Which seem more alike:

a. a sphere and a circle
b. a sphere and a cube

Rationality “remembers” the roundness and will answer a. But in terms of generic qualities and patterns (and in mathematical terms), a three-dimensional form will have more in common with another three-dimensional form. So, intuition (and mathematicians) will answer b.

In the summer of 2004, I invited subscribers to the SIG/IA list to participate in a short survey designed to encourage people to think intuitively. I asked five questions, plus three supplementary questions that would tell me about the respondent’s background – educational background, educational level and whether they practiced strategic or tactical IA. (Back then, I called these “Big IA” and “Little IA, but these are horribly misleading labels that I now assiduously avoid.) Here are the five questions:

  1. Which seem more alike:
    a. a sphere and a circle
    b. a sphere and a cube
  2. Which one of these items seems least relevant:
    a. cassette tape
    b. mirror
    c. music CD
    d. LP record
  3. Which one of these items seems least relevant:
    a. cassette tape
    b. mirror
    c. music CD
    d. tin-can lid
  4. Which one of these items seems least relevant:
    a. cassette tape
    b. mirror
    c. car hubcap
    d. tin-can lid
  5. Which seem more alike:
    a. a cube and a square
    b. a cube and a sphere

In terms of pattern, questions 1 and 5 are identical. Questions 2 to 4 are designed to move people away from the comfortable, remembered, rational answer (mirror) to one where qualities come into play because people are forced to wonder (round, reflective, sharp edge…“cassette tape” became the odd-man out). It’s kind of like spinning the seeker before starting a game of Blind Man’s Bluff. The results in percent (minus the manipulative mind-benders) are illustrated in Table 1.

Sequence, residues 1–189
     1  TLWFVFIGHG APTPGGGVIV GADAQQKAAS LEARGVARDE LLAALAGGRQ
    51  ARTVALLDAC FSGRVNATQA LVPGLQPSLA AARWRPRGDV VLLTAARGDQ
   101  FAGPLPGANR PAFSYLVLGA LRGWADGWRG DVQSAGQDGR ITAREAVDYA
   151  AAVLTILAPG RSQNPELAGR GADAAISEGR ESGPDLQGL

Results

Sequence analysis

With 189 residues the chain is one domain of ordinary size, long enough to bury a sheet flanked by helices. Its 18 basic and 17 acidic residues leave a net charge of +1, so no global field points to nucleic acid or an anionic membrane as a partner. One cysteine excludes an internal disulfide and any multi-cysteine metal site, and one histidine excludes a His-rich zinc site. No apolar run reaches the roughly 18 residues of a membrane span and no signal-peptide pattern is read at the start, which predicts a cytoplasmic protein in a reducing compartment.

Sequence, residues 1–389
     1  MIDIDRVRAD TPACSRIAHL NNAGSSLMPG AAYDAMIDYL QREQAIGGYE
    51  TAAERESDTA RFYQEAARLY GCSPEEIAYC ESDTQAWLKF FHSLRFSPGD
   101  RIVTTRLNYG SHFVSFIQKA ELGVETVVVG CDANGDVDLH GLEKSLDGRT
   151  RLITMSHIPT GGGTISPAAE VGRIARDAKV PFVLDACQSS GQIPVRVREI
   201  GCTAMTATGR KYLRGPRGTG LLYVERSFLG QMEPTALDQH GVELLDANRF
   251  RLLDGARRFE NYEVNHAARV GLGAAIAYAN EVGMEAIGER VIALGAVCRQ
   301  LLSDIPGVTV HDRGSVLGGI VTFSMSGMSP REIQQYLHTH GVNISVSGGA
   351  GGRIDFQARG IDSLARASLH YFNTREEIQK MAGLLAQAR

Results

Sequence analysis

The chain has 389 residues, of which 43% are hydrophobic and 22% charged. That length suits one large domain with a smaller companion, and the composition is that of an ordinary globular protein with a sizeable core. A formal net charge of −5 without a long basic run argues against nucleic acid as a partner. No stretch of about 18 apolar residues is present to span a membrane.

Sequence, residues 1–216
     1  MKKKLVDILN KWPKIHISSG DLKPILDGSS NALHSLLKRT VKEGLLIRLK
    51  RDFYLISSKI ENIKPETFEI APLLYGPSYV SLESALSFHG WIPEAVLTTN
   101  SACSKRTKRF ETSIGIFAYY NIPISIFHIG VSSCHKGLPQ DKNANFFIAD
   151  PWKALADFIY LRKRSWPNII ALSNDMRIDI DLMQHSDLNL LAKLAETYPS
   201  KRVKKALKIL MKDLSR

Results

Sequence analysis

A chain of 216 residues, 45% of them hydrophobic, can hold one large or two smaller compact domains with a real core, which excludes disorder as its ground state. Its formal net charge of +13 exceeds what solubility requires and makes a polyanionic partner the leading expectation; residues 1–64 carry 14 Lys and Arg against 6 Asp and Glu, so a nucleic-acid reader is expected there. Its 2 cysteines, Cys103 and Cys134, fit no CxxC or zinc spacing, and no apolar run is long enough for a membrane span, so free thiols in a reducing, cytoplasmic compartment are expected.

Table 1


Incredibly, three seemly irrelevant questions got a mean average of 7.8% of the respondents to switch from a rational to an intuitive thought process. And one group demonstrated a whopping 25% shift! Here’s a graph showing the percent changes from specific (rational) response to generic (intuitive) response:

Click here for larger image

And New Questions Emerge
The results are statistically significant across the board. Perhaps a better scientist than I will design a similar experiment with control populations and larger sample sizes. But in the meantime, several interesting questions emerge.

First, can we learn from this little experiment to help our schools and certification programs teach IA students to see generic patterns more effectively? Second, could it be that the strategic IAs who are now calling themselves “business consultants” need to watch their backs? The hard-core tacticians appear to be more willing and able to think intuitively. Third, if computer geeks are more intuitive than their stereotype suggests, shouldn’t we be doing more to recruit them to our ranks? Fourth, what on earth happens during the process of getting a Ph.D. that caused this remarkable 25% swing? And fifth, is this the first quantitative proof that designers really are a pain in the butt because of their preconceived notions?

And in Conclusion
Conclusion? Oh, I hope not!